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Solicitors considering potential group claim in relation to Allergan breast implants

The consumer law and product liability team at Leigh Day has been contacted by over 200 women who have received the Allergan implants who are now concerned about their future health, six of whom have been diagnosed with the rare cancer known as breast implant associated anaplastic large cell lymphoma (BIA-ALCL).

Surgery

11 March 2019

Leigh Day is investigating a potential civil claim on behalf of the women who allege they were implanted with a product that carried an increased risk of cancer of which they were not adequately warned.
 
In an article in the Guardian today it is reported that according to figures collected by plastic surgeons there have been least 615 cases of the disease associated with breast implants and 16 deaths around the world. There have been 45 confirmed cases of the rare cancer ALCL in the UK and it has been linked to one death. 
 
On 8 February 2019 the French regulator Agence Nationale de Securitie du Medicament (ANSM) recommended a permanent ban on the sale of Allergan textured breast implants across Europe.
 
The French regulator initially announced the temporary suspension of the Allergan CE mark during December 2018. At a public hearing in Paris in February the expert committee referenced concerns about the adverse health effects associated with breast implants, including a rare form of cancer known as BI-ALCL  which a growing body of research now indicates is linked with Allergan implants. After 2 days of testimony the ANSM called for a ban of Allergan textured breast implants.
 
The UK regulator, the MHRA, who is acting as lead co-ordinator to make sure Allergan takes a consistent EU-wide approach,  has yet to respond to the recommendations made by the French expert committee.
 
At the moment advice from the MHRA, is that there is currently no evidence of an increased risk to patients and there is no need for people who have Allergan breast implants to get them removed or have any additional clinical follow-up. The MHRA say they are monitoring the situation closely and will provide updates as necessary. However the US Food and Drug Administration has now had more than 400 reports about patients who developed ALCL after having a breast implant, including nine who died.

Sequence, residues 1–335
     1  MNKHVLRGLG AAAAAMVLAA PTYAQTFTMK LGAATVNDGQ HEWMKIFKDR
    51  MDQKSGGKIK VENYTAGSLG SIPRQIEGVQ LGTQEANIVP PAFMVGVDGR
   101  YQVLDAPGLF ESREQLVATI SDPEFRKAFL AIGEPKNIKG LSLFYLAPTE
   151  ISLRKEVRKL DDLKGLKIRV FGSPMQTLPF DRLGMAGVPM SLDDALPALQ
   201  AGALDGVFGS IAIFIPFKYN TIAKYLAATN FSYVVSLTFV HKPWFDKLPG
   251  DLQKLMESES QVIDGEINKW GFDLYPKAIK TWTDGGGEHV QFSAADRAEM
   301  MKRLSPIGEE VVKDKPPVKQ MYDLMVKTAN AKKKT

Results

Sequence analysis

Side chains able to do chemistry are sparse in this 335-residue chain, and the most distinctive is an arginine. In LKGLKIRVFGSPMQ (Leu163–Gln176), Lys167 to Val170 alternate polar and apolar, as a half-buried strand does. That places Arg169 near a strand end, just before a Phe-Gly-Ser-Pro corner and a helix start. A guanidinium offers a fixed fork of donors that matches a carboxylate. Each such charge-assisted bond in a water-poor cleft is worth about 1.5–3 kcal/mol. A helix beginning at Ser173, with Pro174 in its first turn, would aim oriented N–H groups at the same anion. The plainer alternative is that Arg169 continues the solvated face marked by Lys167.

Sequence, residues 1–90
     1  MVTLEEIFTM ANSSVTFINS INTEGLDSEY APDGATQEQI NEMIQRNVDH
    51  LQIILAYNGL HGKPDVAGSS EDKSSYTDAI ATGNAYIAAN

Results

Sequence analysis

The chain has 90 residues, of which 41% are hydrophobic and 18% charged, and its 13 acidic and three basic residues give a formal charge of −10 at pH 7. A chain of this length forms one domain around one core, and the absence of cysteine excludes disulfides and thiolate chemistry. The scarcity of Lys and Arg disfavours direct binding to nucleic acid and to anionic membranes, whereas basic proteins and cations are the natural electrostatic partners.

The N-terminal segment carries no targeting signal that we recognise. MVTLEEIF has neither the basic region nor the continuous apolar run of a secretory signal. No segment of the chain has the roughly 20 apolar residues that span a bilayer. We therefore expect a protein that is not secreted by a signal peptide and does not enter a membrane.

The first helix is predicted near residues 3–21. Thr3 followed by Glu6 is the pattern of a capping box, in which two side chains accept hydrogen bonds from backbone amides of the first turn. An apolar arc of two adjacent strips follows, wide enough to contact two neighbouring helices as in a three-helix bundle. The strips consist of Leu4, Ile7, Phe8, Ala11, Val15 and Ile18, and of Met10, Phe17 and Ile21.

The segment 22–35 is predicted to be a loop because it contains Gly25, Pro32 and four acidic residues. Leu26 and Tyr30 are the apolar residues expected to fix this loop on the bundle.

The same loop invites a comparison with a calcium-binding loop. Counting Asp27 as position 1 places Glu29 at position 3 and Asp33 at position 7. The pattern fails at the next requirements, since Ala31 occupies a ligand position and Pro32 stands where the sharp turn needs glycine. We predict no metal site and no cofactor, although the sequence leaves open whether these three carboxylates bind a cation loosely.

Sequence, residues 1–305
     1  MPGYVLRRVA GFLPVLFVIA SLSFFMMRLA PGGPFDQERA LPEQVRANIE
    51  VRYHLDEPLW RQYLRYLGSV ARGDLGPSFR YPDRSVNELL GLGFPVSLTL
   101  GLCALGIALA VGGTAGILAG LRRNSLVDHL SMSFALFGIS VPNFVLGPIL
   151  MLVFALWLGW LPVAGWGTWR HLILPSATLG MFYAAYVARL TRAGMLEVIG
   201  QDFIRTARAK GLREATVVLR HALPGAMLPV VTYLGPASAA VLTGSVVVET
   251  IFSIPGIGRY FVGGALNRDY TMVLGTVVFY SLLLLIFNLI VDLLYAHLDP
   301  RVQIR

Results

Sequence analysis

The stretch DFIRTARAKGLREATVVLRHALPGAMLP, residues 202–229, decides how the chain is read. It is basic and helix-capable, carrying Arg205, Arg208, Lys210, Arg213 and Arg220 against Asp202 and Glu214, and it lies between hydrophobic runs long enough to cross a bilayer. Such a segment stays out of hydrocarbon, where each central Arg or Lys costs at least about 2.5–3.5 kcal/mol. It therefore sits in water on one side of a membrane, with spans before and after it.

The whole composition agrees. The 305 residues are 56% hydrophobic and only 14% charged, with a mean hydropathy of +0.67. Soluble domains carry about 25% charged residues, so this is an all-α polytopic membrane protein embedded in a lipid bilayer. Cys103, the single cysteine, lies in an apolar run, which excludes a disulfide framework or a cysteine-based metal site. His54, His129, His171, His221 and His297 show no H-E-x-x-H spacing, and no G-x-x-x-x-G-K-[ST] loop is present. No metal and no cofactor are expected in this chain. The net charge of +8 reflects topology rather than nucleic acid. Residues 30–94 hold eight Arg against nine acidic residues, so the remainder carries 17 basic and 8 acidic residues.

In a statement to the Guardian, Allergan said the company is committed to strict adherence to all regulatory requirements and rigorous scientific evidence.
 
Our client Irene Kennedy, 49, who had the Allergan implants and has been diagnosed with ALCL, told the Guardian: “I hadn’t heard of it, I didn’t know anything about it at all, it’s very scary. If someone said ‘By the way, you could get a cancer’ your ears would prick up and it would be more of a thoughtful process you’d go through.”
 
Sarah Moore, solicitor at law firm Leigh Day who is investigating a potential group claim on behalf of more than 200 women who have received the Allergan implants, said:
 
“We have been contacted by hundreds of women who are now extremely worried about the potential risk of cancer from Allergan implants and feel angry that they were not given more information about the risks from their clinics. Many have said that had they known the risks they would not have gone through with the operation.
 
“Deciding to have a medical device put into the body, whether for aesthetic, emotional or health reasons is a serious decision and it is crucial that patients are made aware of all the relevant information and risks associated with the medical device in order for them to be able to make an informed decision.
 
“We urge the MHRA to take stronger action in relation to textured implants manufactured by Allergan, as per the recommendation of French Authorities, to make sure more women are not put at risk by having these products implanted.”

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